Green Building Materials for Construction – Part 1
Can residential deconstruction and commercial deconstruction help you get significant tax deductions? Yes. Does donating deconstruction materials to non-profit organizations provide critical support for those less fortunate in our local communities? Yes. Win, win.
But if you’re like us, we always look for as many wins as possible for our clients, communities, and the planet. Bringing home the third win for deconstruction is its environmental benefits. Deconstruction is the green alternative to demolition.
Demolition typically tears down a structure as fast, and shall we say recklessly, as possible, with little to no regard for salvaging materials. That means most, if not all, demolition materials are then deemed as complete waste and shipped off to overflowing landfills. On the flip side, deconstruction strategically takes structures apart with the goal of reusing materials for other structures and even completely different applications. At the very least, if deconstruction materials are deemed unfit for reuse, they’ve at least been taken apart in a manner that allows them to be more easily recycled and remade into like-new construction materials.
So, the ultimate goal is always to reduce the volume of new materials used across all residential and commercial construction types. But, even with the most strategic and well-executed deconstruction projects, with as much material preserved for reuse as possible, contractors, developers, and construction managers will inevitably need additional materials to complete their new structure.
For those times when purely deconstructed materials can’t be used, the next best alternative is green building materials. The goal of using green building materials is to construct energy-efficient structures that minimize environmental impact. This is the first part of our blog series on leading green building materials, their characteristics, and their beneficial impact.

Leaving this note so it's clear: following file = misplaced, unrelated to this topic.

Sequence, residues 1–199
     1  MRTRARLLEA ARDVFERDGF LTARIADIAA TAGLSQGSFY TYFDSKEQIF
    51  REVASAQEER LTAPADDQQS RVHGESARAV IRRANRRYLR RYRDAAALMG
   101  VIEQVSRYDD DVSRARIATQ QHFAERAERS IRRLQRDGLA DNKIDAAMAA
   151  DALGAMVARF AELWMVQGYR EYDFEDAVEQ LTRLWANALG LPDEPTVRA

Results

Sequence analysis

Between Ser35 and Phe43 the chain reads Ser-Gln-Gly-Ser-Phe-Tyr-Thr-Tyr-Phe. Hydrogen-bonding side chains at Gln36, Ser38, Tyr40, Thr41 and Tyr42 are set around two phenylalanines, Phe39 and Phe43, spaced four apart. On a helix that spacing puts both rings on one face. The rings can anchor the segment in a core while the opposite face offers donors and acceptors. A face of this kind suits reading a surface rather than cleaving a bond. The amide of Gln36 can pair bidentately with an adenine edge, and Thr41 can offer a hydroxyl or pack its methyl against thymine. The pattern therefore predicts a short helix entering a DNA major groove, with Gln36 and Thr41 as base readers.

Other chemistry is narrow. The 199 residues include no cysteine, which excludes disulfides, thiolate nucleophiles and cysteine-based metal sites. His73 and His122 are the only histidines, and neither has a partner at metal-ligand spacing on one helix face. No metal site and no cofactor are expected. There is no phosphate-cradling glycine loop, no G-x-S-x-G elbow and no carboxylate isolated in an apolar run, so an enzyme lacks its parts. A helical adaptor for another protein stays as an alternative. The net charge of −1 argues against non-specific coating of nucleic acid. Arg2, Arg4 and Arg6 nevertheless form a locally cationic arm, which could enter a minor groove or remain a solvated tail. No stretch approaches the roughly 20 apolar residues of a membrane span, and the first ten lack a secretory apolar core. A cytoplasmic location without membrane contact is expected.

Green Building Materials Used in Construction
Earthen materials include adobe, cob, and rammed earth. These materials have been used for ages. And we’re finding more ways to reintegrate them into mainstream construction and reconstruction. For example, chopped straw, grass, and other fibrous materials can be added to enhance strength and durability.
These materials are often seen in more remote areas (for example, desert-scapes) due to the lack of availability or higher expense of certain materials. But there are many ways we can start to integrate more earthen materials in highly populated, suburban, and urban areas.
Wood is one of the most commonly used building materials globally. While converting raw timber to wood boards and planks for construction can lead to waste, timber byproducts can be used to make structural parts like walls, boards, doors, etc., in engineered wood. Engineered wood contains different layers of wood. For example, the middle layers are made of wood scraps, softwoods, wood fibers, etc. There’s no sight of wood losing its popularity as a common construction material, emphasizing the growing importance of comprehensive forest stewardship and replanting.
Stay tuned for the next part of our Green Building Materials blog series.
In the meantime, if you’d like expert guidance on deconstruction and using green building materials for construction, Contact Green Donation Consultants or call today at 540-786-8220 to speak with our team.